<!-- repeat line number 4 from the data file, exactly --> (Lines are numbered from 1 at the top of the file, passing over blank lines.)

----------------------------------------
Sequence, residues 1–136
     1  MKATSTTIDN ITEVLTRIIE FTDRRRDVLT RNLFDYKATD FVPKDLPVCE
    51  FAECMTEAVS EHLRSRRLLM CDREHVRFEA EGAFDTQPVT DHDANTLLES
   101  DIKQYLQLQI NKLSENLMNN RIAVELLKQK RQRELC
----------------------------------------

   101  DIKQYLQLQI NKLSENLMNN RIAVELLKQK RQRELC